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Clean Power Plan – The Corpse Phase

By October 4, 2022Energy Rant

Last week I cracked open the most recent edition of Public Utilities Fortnightly and discovered an interesting topic worth sharing. It is an attorney’s commentary on the Supreme Court’s 6-3 opinion, West Virginia v EPA. You may not have heard of this directional case because the Dobbs case released a week before West Virginia dominated the news cycle.

Upon reading the SCOTUS opinion, I learned that it references the Obama-era Clean Power Plan (CPP). I wrote about the CPP three times, most recently in February of 2016, Clean Power Plan, The Coma Phase. There, I predicted Mitch McConnell would not take up any SCOTUS nominations before the November election. I got that one right.

The Clean Power Plan

The CPP included three “building blocks” to reduce carbon dioxide emissions. The first was to improve the heat rate, another term for efficiency, of coal-fired power plants. The stickier ones were blocks two and three, which included shifting coal generation to natural gas generation and shifting both coal and natural gas generation to renewable generation. Why not nuclear? Because it was not about carbon dioxide but promoting fantasy and unicorns.

CPP in the Courts

The CPP was stayed in February 2016, which is why I called it the coma phase – not dead, but on life support. The EPA attempted to replace some of the intent of the CPP with something called the “Affordable Clean Energy rule,” ACE. I must insert here that rules and bills typically promote and produce results opposite to their moniker. Inflation reduction act?

Anyway, ACE was vacated by the DC Circuit the day before Joe Biden was sworn into office. The EPA repealed the CPP in June of 2019. I was not aware of that. West Virginia stuck a knife into the CPP corpse. From the SCOTUS opinion, “But ‘voluntary cessation does not moot a case unless it is ‘absolutely clear that the allegedly wrongful behavior could not reasonably be expected to recur.’”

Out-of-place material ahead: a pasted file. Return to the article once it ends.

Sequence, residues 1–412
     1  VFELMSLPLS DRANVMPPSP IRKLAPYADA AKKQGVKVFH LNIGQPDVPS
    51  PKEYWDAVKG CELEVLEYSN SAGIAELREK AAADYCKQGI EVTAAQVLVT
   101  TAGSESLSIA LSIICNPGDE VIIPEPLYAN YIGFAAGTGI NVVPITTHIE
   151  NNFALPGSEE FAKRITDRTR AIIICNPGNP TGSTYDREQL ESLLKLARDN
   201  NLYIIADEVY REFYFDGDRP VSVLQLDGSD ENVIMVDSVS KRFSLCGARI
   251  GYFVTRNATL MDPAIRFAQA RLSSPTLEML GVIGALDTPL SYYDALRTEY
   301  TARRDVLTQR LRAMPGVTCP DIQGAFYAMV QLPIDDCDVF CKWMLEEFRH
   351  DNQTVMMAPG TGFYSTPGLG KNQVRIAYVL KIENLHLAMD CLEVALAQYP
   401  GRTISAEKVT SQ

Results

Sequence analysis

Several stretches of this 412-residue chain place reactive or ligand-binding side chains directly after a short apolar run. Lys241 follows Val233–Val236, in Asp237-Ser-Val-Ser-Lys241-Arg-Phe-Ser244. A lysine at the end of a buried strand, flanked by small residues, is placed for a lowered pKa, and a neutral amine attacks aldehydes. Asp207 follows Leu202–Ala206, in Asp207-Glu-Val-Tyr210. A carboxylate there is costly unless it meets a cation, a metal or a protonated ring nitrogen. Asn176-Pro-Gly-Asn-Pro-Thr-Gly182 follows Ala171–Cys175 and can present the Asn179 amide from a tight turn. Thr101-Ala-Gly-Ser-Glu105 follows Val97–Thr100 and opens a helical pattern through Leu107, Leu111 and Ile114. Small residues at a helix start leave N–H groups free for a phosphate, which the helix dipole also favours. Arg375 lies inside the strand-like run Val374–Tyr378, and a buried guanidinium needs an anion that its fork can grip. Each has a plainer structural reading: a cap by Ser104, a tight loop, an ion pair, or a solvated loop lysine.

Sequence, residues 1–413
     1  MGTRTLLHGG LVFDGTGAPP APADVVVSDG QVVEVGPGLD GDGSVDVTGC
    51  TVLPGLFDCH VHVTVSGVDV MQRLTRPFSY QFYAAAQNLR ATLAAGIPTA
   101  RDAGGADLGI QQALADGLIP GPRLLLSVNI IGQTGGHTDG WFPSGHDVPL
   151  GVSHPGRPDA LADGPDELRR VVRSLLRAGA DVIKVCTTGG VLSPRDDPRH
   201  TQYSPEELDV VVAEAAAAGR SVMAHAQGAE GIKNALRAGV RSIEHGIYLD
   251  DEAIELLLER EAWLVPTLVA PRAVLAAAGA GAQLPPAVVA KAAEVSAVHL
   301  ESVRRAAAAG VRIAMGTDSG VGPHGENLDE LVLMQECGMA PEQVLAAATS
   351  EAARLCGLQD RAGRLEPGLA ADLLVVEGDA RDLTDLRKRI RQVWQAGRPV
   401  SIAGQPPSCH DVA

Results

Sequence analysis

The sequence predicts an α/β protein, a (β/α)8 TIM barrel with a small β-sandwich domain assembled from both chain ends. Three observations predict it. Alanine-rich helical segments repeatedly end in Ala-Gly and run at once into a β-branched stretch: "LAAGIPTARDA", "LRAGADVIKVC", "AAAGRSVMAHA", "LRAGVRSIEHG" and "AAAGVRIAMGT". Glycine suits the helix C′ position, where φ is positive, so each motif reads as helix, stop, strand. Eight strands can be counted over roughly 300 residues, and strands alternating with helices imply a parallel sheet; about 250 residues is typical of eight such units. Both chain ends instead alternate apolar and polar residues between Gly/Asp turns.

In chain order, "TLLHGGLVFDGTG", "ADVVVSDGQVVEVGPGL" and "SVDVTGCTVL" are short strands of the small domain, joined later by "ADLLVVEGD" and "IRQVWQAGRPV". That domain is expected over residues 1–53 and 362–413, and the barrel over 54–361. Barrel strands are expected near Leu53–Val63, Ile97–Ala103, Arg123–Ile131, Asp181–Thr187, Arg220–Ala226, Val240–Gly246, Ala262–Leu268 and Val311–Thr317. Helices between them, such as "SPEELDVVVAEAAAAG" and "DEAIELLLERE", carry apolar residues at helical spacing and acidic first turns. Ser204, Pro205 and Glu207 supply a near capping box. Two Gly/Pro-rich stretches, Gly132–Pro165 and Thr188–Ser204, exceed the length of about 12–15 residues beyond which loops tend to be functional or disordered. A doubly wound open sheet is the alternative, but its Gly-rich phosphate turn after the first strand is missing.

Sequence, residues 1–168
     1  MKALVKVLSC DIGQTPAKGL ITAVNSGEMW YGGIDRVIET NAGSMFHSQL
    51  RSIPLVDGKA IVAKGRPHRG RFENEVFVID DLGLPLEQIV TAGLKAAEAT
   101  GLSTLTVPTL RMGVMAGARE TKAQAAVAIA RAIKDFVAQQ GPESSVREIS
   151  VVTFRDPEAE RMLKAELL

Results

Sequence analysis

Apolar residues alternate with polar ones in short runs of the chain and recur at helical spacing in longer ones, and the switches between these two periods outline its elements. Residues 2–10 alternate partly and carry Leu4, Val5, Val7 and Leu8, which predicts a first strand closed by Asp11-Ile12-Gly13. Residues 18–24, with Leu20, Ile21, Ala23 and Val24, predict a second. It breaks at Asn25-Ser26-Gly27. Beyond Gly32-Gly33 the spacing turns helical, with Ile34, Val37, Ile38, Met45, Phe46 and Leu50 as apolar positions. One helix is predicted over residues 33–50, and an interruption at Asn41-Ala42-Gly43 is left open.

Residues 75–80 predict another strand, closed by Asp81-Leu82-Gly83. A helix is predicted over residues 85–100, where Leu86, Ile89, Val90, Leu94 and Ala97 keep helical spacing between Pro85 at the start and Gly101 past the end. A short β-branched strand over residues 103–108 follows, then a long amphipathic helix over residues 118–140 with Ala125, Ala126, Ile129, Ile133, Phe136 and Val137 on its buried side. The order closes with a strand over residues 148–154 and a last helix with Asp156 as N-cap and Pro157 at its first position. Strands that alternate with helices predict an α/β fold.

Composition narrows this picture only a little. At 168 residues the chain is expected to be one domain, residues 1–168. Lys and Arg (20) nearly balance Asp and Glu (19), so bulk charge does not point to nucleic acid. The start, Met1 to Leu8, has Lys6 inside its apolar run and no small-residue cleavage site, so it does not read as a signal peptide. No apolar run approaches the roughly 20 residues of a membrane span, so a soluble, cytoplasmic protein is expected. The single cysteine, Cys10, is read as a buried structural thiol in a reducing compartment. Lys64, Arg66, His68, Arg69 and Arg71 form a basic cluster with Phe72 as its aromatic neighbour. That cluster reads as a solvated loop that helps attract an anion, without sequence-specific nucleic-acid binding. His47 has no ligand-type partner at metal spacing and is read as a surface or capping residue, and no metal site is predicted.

I.e., the SCOTUS doesn’t care what EPA says it will or will not do, so the SCOTUS effectively said, game over. “Congress did not grant EPA in Section 111(d) of the Clean Air Act the authority to devise emissions caps based on the generation shifting approach the Agency took in the Clean Power Plan.”

In the Coma Phase, I predicted that the CPP would probably be upheld because Chief Justice Roberts “has demonstrated that he is a rationalizing appeaser.” He wrote the West Virginia opinion, so my prediction was not entirely correct, but that was pre-Gorsuch, Kavanaugh, and Barret – i.e., from a wobbly 5-4 then to 6-3 now. Roberts probably decided against being on the other side of a 5-4 West Virginia ruling.

Downstream (Pun Alert) of West Virginia

The Wall Street Journal opinioneers, specifically Daniel Henninger, wrote,

“But it is West Virginia, not Dobbs, that has the greater potential to improve this country’s bitter and corrosive politics. [well, I don’t know about that],” Henninger continued, “Justice Elena Kagan accused the majority of an ‘anti-administrative state’ agenda.”

That is correct, Justice Kagan, and that is why the West Virginia case is more significant than Dobbs, as federal agencies make and enforce rules they are not granted by congress and the administration.

Projections are the SCOTUS will continue to feed overreaching agency rules through the woodchipper, including “navigable” water regulations for mud puddles. One case to be argued this year is Sacket v EPA. The Sacketts have been trying to build a home on their land, but the EPA swooped in because the property likely contained wetlands.

Did the EPA even show up to look? According to The Wall Street Journal, “The Sacketts’ lot was connected to a wetland though it was separated by a 30-foot paved road, and that wetland was connected to a man-made ditch that was connected to a non-navigable creek that was connected to Priest Lake, which was navigable. No wonder the Sacketts were dismayed.”

What else is in store? We will find out.


I think the federal government’s bombast to reduce carbon intensity of the electric grid has been mostly secondary rather than primary[1]. State and local governments have done far more, but there will be political blowback per breaking news I reported in last week’s White Rabbit. Voters and EV owners will not be pleased with 70%-130% rate increases over a year or two. A Rant fan informed me last week that his utility in the Northeast filed for a rate 47% increase after this summer, when his monthly electric bill was $800. Utilities will have much splaining to do after closing dozens of thermal power plants to save ratepayer money and keep rates low.

Come to think of it, with these rates; I think phrases like “efficiency saturation,” “everything worth doing is done,” and “decades of aggressive efficiency programs” are hereby null and void. When rates double in one year or two, everything gets a new look.

[1] Incidentally, the CPP target was a 32% reduction in emissions by 2030 compared to 2005. As of 2020, carbon intensity of electricity nationwide is down 38.3%.

Jeff Ihnen

Author Jeff Ihnen

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